E .? 0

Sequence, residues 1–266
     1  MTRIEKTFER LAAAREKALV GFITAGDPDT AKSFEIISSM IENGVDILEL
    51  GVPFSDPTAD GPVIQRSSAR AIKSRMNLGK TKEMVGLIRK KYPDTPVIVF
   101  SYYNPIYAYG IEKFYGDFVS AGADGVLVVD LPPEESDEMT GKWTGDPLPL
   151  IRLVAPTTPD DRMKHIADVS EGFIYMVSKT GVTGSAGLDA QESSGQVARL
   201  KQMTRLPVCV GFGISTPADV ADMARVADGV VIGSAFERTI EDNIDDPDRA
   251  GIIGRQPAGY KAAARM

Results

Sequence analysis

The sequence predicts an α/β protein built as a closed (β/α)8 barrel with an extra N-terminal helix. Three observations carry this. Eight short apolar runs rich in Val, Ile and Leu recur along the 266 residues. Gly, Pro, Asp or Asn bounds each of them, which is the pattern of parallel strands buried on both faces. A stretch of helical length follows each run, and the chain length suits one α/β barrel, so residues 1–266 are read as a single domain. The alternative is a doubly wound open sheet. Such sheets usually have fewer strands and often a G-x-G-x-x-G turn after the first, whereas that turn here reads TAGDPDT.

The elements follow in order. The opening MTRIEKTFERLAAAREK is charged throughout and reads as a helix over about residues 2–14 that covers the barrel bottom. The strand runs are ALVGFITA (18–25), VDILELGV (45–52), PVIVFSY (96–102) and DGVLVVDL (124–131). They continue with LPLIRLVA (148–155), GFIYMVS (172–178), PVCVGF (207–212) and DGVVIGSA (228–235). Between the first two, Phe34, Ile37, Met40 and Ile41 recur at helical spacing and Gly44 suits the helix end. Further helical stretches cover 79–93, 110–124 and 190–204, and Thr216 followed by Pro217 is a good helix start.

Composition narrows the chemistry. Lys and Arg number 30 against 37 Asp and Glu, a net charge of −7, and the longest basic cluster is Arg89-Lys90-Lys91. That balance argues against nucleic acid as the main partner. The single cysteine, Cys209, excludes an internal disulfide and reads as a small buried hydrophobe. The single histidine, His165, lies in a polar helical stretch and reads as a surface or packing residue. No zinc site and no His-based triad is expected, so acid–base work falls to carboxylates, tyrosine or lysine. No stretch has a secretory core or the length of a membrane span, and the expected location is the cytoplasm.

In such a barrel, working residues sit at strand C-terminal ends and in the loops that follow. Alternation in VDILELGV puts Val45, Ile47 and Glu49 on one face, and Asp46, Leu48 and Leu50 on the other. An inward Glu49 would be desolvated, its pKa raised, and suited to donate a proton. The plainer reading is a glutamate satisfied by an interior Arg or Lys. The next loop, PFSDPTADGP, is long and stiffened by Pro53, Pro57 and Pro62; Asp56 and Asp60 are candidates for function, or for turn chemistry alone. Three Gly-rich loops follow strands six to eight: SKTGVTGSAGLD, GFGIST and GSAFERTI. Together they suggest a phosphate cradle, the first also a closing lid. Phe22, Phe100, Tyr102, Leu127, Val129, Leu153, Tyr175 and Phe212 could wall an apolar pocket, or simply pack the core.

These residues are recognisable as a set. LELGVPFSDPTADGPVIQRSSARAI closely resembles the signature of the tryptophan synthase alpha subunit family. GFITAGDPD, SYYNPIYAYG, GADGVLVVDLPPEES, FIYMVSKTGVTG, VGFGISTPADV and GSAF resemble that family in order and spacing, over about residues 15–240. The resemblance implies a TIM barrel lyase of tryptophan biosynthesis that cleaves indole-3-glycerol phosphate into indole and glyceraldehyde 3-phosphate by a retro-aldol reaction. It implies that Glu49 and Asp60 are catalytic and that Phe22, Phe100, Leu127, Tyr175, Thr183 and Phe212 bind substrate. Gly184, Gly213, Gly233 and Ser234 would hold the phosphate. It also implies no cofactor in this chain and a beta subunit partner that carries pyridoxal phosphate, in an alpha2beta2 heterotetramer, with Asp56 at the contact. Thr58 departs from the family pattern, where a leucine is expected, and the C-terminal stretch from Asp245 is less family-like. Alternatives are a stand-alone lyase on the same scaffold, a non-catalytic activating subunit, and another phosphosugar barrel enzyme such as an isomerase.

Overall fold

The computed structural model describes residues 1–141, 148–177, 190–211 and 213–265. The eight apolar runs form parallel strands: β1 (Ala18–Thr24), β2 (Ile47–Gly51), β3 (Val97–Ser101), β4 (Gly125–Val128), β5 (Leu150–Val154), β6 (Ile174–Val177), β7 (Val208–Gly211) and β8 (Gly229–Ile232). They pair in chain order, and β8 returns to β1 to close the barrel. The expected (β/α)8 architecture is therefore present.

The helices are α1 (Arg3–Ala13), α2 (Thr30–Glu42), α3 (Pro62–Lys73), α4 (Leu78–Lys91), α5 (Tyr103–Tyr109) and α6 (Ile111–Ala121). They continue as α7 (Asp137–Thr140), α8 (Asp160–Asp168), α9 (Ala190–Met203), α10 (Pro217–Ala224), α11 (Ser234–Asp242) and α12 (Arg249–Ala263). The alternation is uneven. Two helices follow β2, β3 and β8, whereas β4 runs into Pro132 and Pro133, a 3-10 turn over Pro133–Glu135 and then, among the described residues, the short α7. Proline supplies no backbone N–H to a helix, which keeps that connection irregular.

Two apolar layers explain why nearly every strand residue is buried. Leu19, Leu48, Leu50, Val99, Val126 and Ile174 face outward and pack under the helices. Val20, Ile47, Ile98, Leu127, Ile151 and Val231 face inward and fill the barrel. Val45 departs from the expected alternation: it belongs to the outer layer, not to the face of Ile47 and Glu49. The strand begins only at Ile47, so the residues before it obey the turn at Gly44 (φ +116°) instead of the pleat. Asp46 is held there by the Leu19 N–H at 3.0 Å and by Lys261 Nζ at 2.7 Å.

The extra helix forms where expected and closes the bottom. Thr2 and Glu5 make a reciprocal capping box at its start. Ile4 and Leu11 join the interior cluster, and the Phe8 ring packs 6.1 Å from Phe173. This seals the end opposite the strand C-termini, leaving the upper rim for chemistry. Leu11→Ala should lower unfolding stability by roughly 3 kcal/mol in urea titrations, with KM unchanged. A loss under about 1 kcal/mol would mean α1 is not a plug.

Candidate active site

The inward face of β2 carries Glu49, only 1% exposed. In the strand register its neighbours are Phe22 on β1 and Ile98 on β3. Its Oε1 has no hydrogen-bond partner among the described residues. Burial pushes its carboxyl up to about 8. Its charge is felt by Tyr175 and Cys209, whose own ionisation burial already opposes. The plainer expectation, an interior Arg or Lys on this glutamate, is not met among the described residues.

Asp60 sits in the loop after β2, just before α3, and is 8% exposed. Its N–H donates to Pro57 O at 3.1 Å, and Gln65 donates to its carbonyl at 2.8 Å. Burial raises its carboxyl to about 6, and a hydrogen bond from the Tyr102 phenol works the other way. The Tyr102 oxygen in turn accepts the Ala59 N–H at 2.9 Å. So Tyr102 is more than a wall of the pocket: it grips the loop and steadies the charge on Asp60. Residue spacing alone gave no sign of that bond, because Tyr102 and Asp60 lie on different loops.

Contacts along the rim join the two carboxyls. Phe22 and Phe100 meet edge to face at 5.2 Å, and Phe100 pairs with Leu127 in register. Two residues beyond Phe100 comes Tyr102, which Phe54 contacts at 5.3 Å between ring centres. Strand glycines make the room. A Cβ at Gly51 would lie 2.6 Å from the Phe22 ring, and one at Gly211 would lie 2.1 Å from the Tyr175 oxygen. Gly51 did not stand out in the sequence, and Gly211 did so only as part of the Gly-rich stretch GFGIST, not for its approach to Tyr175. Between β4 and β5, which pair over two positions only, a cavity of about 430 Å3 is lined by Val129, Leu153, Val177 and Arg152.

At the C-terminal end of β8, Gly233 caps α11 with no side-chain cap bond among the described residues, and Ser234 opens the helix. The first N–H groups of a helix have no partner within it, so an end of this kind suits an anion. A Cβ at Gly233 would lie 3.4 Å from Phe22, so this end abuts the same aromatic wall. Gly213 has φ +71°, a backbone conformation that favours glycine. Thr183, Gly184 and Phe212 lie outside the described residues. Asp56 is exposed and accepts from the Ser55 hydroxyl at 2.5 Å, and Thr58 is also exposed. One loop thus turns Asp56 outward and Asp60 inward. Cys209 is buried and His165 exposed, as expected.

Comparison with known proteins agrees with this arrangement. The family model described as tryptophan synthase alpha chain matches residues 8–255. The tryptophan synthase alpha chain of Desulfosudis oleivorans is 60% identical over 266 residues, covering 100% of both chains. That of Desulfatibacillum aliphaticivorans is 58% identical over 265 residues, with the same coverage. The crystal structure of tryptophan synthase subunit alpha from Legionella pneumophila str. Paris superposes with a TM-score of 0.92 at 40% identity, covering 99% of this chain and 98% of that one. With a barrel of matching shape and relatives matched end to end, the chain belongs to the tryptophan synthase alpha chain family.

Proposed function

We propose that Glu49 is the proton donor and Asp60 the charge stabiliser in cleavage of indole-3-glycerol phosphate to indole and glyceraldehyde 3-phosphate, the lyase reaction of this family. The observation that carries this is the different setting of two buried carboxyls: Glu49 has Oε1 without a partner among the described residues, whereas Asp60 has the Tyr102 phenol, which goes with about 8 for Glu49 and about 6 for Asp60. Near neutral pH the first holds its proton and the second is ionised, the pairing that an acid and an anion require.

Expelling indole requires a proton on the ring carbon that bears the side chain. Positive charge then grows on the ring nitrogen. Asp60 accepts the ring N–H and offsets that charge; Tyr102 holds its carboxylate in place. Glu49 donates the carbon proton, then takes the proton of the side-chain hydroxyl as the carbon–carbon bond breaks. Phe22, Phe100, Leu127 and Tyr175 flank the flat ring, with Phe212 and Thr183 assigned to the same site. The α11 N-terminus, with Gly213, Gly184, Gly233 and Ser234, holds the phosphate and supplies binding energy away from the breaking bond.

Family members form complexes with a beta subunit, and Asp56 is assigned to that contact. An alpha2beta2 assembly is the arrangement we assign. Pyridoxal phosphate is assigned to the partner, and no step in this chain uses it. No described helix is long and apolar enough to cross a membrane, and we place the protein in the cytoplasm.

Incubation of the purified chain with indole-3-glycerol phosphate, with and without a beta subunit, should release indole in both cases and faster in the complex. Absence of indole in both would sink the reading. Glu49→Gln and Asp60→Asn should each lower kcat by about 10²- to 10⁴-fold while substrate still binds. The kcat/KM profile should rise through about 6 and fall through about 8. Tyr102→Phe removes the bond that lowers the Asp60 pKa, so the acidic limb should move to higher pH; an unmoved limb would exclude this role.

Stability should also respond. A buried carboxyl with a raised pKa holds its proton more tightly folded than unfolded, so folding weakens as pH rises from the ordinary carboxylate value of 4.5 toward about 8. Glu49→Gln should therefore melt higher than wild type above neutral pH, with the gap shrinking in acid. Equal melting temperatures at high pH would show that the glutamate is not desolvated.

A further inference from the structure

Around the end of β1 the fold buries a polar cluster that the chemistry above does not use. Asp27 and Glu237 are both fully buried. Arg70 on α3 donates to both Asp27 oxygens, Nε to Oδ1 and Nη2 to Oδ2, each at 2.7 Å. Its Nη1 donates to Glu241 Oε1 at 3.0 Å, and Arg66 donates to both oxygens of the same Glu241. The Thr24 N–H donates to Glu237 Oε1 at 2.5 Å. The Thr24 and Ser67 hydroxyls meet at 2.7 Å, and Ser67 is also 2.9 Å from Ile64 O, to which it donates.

Fig. 2. Response of duodenal and jejunal-ileal gut segments from frogs in September with exposure to calcium ions alone, 25,000 units vitamin D, alone or vitamin D3 and calcium after 2 days’ treatment. Figures above column are pIasma calcium levels. Exposure to calcium alone caused a slight increase in S/M and plasma calcium while vitamin D3 alone increases S/M significantly (P = @Ol) with no increase in plasma calcium. Exposure to vitamin Da and calcium ions increased significantly (P = 0.01) the S/M ratio of both segments and blood calcium levels over initial levels. Duodenum was significantly elevated (P = 0.01) over jejunal-ileal segments except in the last group. (Four to six frogs in each group.) studies were performed with 30 min incubation to insure that the S/M ratio would not represent a final concentration. Figure 1 illustrates the difference in S/M ratios of duodenal and jejunal-ileal segments at various concentrations of calcium. Since an inhibitory effect was noted at higher concentrations the buffer medium of all studies contained 0.125 mM calcium chloride. Throughout this series the duodenal segment was significantly higher than the jejunalileal segment at the two lower concentrations. The difference between the two segments was greater with 0.25 mM calcium chloride but the greatest transport in both segments occurred with 0.125 mM CaCl,. In a separate series, frogs exposed to 0.05 M CaCl, alone showed an insignificant but consistent increase in the S/M ratio and plasma calcium; while 25,000 units vitamin D, alone was effective in elevating the S/M ratio but the plasma calcium was unchanged or occasionally lower after 2 days (Fig. 2). With administration of vitamin D, and calcium ions available the S/M ratio was significantly enhanced (P = 0.01) which was accompanied by a concomitant hypercalcemia. In each situation the S/M ratio of the duodenum was consistently higher than the jejunum-ileum although they were not significantly different with vitamin D, and calcium after 2 days’ treatment.